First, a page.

Japanese PM Yukio Hatoyama, mired in domestic political turmoil and facing busy Parliament sessions at home, has pulled out of  the forum and is sending his strategy minister Sengoku instead.  Afghan President Hamid Karzai  has decided not to make a detour from London where he’s due to attend a conference on Afghanistan this week.

from Felix Salmon:

Looking for contrition in Davos

So I've arrived in snowy Davos, where with typical modesty the miscellaneous moguls will attempt to "Improve the State of the World: Rethink, Redesign, Rebuild". (Seriously, that's the official slogan this year.) The official "purpose" page is full of claptrap of the highest order -- a "Network of Global Agenda Councils" "driving the rethink" over here; "an unprecedented multistakeholder dialogue " over there; and on top of it all, naturally, "a collaborative platform that integrates Web 2.0 technology".

Or, to put it another way, there's no indication whatsoever that anybody at the World Economic Forum actually Gets It. Davos is great at throwing a couple of archbishops onto a panel with Niall Ferguson entitled "Restoring Faith in Economics" (geddit?) -- but what I see none of in the programme is an indication that much if not all of the crisis was caused by the arrogance of Davos Man and by his unshakeable belief that the combined efforts of the world's richest and most powerful individuals would surely make the world a better, rather than a worse, place. Excitement about the opportunities afforded by the Great Moderation (as the credit bubble was known before it burst), financial innovation, the rise of the bankers -- Davos was ahead of the curve on all of them. And as the annual symposium of smug sermonizing became increasingly established, it served as a crucial reinforcement mechanism.

It's not like CEOs and billionaires (and billionaire CEOs) need any more flattery and ego-stroking than they get on a daily basis, but Davos gives them more than that: it allows them to flatter and ego-stroke each other, in public. They invariably leave even more puffed-up and sure of themselves than when they arrived, when in hindsight what the world really needed was for these men (it's still very much a boys' club) to be shaken out of their complacency and to ask themselves some tough questions about whether in fact they were leading us off a precipice.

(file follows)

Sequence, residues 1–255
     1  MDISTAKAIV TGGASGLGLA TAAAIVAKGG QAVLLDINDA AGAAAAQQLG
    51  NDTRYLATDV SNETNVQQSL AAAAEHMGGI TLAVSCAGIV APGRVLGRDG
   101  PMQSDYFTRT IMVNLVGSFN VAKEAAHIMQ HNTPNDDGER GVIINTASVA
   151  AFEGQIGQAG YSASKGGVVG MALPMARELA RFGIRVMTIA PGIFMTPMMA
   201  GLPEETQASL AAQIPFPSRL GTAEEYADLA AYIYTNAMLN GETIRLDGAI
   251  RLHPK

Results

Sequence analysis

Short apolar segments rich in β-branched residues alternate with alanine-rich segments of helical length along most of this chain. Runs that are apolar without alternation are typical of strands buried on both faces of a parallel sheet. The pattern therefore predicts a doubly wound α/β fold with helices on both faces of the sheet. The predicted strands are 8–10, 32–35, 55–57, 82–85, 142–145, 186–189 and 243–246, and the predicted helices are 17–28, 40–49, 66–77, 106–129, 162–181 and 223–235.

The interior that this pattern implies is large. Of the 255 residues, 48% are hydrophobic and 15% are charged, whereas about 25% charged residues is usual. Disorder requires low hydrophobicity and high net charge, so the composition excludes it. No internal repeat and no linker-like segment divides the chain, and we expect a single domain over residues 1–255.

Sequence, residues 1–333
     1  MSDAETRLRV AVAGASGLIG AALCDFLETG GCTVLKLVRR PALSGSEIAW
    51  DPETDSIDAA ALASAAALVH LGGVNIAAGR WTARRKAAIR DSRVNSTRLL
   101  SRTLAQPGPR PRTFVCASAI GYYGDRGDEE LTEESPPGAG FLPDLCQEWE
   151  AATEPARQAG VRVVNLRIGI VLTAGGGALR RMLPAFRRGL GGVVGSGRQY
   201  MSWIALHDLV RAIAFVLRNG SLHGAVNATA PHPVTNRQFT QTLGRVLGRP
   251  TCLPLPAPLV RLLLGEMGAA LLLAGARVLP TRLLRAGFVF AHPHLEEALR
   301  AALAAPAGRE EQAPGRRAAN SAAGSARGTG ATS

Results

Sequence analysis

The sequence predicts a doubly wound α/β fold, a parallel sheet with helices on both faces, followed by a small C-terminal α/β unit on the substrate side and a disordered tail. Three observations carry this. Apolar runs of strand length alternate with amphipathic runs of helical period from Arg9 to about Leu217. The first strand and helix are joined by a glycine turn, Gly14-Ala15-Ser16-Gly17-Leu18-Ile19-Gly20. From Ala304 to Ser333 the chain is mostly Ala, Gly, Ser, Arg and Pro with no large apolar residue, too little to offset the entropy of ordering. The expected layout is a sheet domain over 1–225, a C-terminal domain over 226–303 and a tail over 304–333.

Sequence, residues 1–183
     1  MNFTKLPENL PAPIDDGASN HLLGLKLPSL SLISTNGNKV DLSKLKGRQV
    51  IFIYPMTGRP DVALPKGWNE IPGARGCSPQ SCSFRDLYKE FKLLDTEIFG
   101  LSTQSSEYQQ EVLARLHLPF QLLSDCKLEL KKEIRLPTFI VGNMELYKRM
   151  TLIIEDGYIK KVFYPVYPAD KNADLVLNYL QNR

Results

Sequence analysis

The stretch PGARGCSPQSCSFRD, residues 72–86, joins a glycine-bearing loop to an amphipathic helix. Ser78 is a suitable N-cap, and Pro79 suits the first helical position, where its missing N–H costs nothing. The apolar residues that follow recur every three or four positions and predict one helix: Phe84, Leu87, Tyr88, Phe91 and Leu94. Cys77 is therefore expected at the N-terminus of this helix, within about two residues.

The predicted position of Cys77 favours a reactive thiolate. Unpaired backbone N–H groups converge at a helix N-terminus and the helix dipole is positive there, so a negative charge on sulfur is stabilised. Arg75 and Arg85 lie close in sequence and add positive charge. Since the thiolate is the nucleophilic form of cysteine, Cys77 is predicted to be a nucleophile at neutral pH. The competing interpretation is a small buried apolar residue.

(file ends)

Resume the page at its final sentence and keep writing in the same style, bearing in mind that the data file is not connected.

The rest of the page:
Davos 2010 live coverage

Five themes for Davos

Top (L-R): Steve Clarke, Natsuko Waki, Gerard Wynn, Martin Howell
Bottom (L-R): Peter Thal Larsen, Felix Salmon, Ben Hirschler, Krista Hughes

Reuters will have a multimedia team of 20 journalists plus editors and three columnists on site covering the Jan. 27-31 World Economic Forum annual meeting.

This year we are focusing our news coverage around five global themes that are shaping economics, politics and investment opportunities in 2010.  Our in-depth reports will draw on the expertise of our specialist correspondents from around the world to help inform the Davos conversation. These reports will be complemented by on-the-ground coverage, exclusive text and TV interviews, as well as a live blog aggregating the best Davos coverage on the web and on Twitter. We’ll be exploring the probing questions behind efforts to rebuild the world economy and financial system two years after the credit crisis.